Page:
Indications for the Use of the Procedure

The primary indication for maxillectomy is ablation of malignant and specific benign diagnoses. Additional indications for maxillectomy include advanced fungal disease such as mucormycosis and aspergillosis, bisphosphonate osteonecrosis, and osteoradionecrosis. Variations of the maxillectomy include the extraoral approach via a Weber-Ferguson incision. It is the purpose of this chapter to describe the indications, limitations, and technique for maxillectomy for benign disease.

Resection margins for locally aggressive benign odontogenic lesions such as ameloblastoma or myxoma traditionally include 1 cm of bone and one intact anatomic barrier. The periosteum and the overlying mucosa may be preserved if the lesion is contained within the maxilla and has not extended beyond the confines of the bone. However, tumors that have perforated the maxilla require sacrifice of the adjacent overlying periosteum.

The extent of the resection is dependent on the histologic diagnosis as well as the size and location of the neoplasm. The Brown classification system provides a useful method for planning the maxillectomy and for defining the reconstructive options. For lesions confined to the alveolus, a Brown Class I maxillectomy defect would be anticipated ( Figure 84-1 ). This type of maxillectomy does not result in an oral-antral or oral-nasal communication. For benign neoplasms that extend into the maxillary sinus, a higher-level resection, including the maxillary sinus walls, would be indicated, resulting in a Brown Class 2 defect. Additionally, the horizontal margin of the resection must also be considered. Unilateral lesions often require resection of a portion of the palatal bone but not the nasal floor (Brown Class 2a). More extensive or anterior lesions may require sacrifice of a portion of the nasal floor (Brown Class 2b). Lastly, advanced neoplastic disease with extension to the orbital floor may require resection of the orbital floor (Brown Class III). This type of maxillectomy requires additional exposure in the form of a Weber-Ferguson incision.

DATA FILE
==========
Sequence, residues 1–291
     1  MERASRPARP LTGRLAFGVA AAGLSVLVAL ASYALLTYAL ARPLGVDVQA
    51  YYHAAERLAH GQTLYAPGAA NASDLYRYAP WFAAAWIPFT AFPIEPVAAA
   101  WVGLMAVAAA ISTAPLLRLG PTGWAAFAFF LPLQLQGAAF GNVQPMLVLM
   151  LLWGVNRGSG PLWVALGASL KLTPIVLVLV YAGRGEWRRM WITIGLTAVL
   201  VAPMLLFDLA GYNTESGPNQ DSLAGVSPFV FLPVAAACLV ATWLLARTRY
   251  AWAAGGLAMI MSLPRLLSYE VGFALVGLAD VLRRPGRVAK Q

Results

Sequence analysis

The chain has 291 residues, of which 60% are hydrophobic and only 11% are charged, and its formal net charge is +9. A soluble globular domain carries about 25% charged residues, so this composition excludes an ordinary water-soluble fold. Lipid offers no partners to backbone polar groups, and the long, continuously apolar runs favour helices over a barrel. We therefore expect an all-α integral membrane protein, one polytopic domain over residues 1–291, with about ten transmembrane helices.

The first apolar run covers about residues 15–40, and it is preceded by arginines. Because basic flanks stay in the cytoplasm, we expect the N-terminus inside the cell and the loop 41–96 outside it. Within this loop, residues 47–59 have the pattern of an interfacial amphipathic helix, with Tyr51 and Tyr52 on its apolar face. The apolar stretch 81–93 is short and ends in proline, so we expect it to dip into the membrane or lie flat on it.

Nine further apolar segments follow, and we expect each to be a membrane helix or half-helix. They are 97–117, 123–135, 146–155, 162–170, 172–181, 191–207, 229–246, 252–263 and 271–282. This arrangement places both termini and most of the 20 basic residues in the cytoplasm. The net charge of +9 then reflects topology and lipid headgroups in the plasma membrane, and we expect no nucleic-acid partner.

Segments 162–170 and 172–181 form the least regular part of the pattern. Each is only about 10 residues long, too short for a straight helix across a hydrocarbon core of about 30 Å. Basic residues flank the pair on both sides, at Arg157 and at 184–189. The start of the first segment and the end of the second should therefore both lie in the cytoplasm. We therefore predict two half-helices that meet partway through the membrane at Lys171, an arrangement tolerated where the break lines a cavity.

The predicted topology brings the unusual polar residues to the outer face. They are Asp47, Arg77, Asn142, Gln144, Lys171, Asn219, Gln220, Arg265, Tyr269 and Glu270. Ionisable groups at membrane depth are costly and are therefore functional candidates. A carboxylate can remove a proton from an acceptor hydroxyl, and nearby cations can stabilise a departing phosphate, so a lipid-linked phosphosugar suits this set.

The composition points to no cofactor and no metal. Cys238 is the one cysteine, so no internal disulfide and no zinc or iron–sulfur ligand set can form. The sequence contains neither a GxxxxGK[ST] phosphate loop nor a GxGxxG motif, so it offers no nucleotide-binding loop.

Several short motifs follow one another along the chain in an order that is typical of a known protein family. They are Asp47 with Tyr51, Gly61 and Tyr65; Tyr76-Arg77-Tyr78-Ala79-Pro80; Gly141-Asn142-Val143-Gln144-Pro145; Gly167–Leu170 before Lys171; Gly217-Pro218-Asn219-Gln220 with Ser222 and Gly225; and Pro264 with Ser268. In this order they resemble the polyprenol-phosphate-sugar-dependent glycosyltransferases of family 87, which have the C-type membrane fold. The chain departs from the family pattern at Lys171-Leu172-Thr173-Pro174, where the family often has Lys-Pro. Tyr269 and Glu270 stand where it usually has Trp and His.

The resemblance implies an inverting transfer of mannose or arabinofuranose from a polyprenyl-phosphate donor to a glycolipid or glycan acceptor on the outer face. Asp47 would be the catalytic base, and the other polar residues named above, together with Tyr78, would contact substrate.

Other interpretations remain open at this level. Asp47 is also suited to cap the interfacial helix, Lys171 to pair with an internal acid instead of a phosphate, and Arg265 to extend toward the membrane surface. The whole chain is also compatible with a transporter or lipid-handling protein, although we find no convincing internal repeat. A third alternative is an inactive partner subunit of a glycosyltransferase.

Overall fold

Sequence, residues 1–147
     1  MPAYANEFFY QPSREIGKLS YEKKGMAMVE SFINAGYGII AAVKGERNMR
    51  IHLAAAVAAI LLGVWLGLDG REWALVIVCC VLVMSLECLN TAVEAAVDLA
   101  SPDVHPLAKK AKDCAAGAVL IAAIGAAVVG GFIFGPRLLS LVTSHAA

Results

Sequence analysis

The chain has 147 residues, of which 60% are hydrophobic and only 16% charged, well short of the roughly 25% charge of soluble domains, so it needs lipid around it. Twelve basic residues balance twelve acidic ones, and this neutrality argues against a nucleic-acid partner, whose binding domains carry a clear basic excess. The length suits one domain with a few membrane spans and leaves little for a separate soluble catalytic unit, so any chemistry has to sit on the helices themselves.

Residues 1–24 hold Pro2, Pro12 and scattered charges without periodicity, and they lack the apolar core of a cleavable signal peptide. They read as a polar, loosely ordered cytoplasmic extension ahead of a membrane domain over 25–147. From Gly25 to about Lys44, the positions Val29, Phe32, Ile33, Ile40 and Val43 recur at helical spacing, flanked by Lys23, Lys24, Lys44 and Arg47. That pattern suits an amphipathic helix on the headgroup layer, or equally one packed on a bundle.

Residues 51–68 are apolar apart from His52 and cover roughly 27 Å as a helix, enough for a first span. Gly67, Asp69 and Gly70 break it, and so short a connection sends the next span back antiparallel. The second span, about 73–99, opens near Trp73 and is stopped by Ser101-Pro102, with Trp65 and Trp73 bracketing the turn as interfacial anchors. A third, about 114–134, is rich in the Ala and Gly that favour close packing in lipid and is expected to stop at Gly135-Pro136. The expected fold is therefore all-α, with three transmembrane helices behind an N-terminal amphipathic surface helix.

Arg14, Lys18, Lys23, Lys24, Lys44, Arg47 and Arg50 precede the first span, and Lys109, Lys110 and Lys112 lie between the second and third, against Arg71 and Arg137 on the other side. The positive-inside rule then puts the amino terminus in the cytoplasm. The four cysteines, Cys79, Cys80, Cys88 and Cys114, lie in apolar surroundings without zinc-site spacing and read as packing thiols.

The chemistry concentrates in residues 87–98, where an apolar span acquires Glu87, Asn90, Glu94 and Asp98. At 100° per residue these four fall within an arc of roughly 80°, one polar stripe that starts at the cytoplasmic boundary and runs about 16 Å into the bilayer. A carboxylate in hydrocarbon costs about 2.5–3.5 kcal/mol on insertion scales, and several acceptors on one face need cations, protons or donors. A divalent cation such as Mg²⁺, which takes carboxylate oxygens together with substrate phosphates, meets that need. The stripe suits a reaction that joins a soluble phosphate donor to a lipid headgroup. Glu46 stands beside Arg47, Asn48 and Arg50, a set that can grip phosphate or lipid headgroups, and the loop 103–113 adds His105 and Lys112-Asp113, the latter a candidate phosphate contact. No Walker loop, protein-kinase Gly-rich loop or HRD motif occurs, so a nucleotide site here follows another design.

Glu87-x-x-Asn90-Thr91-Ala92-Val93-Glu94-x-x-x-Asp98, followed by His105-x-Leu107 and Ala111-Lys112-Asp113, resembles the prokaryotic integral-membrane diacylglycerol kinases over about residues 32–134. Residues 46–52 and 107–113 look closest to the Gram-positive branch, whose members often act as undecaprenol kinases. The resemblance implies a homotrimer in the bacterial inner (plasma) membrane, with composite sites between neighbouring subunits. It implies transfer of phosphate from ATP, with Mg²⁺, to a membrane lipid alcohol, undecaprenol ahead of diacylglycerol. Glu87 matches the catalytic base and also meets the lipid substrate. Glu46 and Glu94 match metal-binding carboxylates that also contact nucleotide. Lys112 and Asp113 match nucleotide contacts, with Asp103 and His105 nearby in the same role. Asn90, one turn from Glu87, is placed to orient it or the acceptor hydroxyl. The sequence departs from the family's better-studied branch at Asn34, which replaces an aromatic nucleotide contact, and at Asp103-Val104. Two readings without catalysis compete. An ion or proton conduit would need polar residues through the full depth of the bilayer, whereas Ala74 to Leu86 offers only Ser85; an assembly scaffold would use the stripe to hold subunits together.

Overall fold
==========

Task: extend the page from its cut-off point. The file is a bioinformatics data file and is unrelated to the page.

Figure 84-1
The Brown classification system.

Limitations and Contraindications

Limitations of the maxillectomy technique are primarily due to anatomic features of the individual lesion, as indicated previously. Careful preoperative radiographic evaluation in all three planes is required, with particular attention to possible extension beyond the confines of the maxilla in the region of the nasal floor, orbital floor, and posterior maxilla ( Figures 84-2 to 84-4 ). There are no specific contraindications to maxillectomy.

Figure 84-2
Facial bone CT in the coronal view. In this view, the bony erosion through the anterior maxilla can be seen.

Figure 84-3
Facial bone CT in the axial view. The left maxillary lesion is eroding into the anterior maxilla and displacing the septum, deviating the nose to the right.

Figure 84-4
Facial bone CT in sagittal view.

Technique: Maxillectomy for Benign Disease

Step 1:

Patient Preparation

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Jun 3, 2016 | Posted by in Oral and Maxillofacial Surgery | Comments Off on Maxillectomy